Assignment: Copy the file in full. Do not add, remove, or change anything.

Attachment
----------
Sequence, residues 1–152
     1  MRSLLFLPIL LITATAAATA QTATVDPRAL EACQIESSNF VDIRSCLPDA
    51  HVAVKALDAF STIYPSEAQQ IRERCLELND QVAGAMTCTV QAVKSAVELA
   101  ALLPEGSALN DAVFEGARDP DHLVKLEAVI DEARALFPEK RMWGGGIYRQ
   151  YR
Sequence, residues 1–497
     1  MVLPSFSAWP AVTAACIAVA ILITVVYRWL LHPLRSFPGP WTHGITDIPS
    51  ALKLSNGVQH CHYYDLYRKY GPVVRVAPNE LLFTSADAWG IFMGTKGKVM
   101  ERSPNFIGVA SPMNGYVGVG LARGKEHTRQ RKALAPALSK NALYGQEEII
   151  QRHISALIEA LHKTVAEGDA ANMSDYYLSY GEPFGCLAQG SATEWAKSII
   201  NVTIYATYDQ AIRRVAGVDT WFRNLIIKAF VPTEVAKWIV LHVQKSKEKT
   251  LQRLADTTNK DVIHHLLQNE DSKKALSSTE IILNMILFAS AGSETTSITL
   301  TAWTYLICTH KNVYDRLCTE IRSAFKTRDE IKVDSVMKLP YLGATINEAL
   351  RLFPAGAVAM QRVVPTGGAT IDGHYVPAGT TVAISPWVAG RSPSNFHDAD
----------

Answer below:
Sequence, residues 1–152
     1  MRSLLFLPIL LITATAAATA QTATVDPRAL EACQIESSNF VDIRSCLPDA
    51  HVAVKALDAF STIYPSEAQQ IRERCLELND QVAGAMTCTV QAVKSAVELA
   101  ALLPEGSALN DAVFEGARDP DHLVKLEAVI DEARALFPEK RMWGGGIYRQ
   151  YR
Sequence, residues 1–497
     1  MVLPSFSAWP AVTAACIAVA ILITVVYRWL LHPLRSFPGP WTHGITDIPS
    51  ALKLSNGVQH CHYYDLYRKY GPVVRVAPNE LLFTSADAWG IFMGTKGKVM
   101  ERSPNFIGVA SPMNGYVGVG LARGKEHTRQ RKALAPALSK NALYGQEEII
   151  QRHISALIEA LHKTVAEGDA ANMSDYYLSY GEPFGCLAQG SATEWAKSII
   201  NVTIYATYDQ AIRRVAGVDT WFRNLIIKAF VPTEVAKWIV LHVQKSKEKT
   251  LQRLADTTNK DVIHHLLQNE DSKKALSSTE IILNMILFAS AGSETTSITL
   301  TAWTYLICTH KNVYDRLCTE IRSAFKTRDE IKVDSVMKLP YLGATINEAL
   351  RLFPAGAVAM QRVVPTGGAT IDGHYVPAGT TVAISPWVAG RSPSNFHDAD